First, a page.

BROWNE, GEORGE, architect; b. 5 Nov. 1811 in Belfast (Northern Ireland); d. 19 Nov. 1885 in Montreal, Que.
George Browne’s Belfast years are obscure, and research has failed to confirm his personal or architectural parentage. He was part of the great British migration to America following the Napoleonic wars and was probably attracted to Quebec City, as were other architects, because of its prosperity caused by the flourishing lumber trade. John Douglas Borthwick, who presumably knew Browne in his later years, states that he was the son of an architect of the same name and that he came to Quebec in 1830. The following year “G. Browne & Co.” advertised in the Quebec Mercury, claiming they had “gone through their usual term and probation of their profession, besides having superintended the most eminent Buildings.” Whatever his background and connections Browne was active in Quebec during the years 1830–35, judging from advertisements for contracts and surviving contracts themselves.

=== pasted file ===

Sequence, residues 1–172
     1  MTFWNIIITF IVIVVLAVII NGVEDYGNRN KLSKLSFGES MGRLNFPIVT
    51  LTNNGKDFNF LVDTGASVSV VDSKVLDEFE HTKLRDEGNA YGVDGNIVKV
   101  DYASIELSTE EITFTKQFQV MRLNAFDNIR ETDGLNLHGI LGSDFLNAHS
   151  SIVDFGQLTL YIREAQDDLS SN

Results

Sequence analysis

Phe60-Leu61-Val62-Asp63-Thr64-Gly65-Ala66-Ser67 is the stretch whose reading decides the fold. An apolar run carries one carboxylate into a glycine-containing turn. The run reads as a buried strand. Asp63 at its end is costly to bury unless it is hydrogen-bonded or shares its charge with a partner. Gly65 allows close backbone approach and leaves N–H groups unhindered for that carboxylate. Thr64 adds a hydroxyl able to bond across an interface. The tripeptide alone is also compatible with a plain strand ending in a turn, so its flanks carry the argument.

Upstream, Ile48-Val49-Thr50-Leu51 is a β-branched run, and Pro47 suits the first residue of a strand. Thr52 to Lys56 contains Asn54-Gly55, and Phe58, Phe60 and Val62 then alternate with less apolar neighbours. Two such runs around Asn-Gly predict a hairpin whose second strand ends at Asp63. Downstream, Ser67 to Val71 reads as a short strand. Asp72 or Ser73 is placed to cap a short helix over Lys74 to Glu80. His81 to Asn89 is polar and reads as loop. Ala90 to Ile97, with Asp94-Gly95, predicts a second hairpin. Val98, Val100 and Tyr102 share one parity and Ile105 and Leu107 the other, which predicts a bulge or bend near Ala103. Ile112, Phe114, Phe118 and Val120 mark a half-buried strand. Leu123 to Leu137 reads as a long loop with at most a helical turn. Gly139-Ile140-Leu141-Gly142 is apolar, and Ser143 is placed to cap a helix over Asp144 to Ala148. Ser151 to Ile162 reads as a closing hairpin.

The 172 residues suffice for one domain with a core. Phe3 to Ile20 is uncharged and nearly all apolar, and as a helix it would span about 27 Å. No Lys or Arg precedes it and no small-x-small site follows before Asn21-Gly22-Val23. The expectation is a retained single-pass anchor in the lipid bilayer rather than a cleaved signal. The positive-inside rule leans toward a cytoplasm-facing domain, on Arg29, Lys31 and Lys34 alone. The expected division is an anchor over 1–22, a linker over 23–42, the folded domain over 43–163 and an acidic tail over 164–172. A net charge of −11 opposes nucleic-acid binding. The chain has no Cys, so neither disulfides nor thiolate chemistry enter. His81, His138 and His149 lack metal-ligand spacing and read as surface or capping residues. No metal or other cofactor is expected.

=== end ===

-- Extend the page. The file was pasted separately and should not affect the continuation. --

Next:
Connecting buildings with their architects in this period has proved a difficult task. In 1966, 9 Rue Haldimand was identified as one of “two houses with cut stone fronts in Haldimand Street” which were tendered for in the Quebec Mercury of 15 Dec. 1832. It has since been attributed to Henry Musgrave Blaiklock*, but on stylistic grounds this attribution seems highly unlikely. The old customs house, Rue Champlain, documented as by Blaiklock (1830–39), shows similarities in the basic architectural vocabulary but has none of the sculptural sense nor the differentiation of textures which one finds in 9 Haldimand. Another possible candidate for the design of the latter house is Frederick Hacker, who arrived in Quebec in 1832. His 43 Rue d’Auteuil of 1834 uses some of the same architectural forms but shows a very different sense of proportion. Buildings at 73 Rue Sainte-Ursule (built in 1831 and now a convent) and 56 Rue Saint-Louis (1832–34) can quite rightly be associated with 9 Haldimand. All three appear to be by the same hand, showing subtleties in the handling of projections and recessions, as well as textures – qualities which Browne was to develop further in his Kingston period.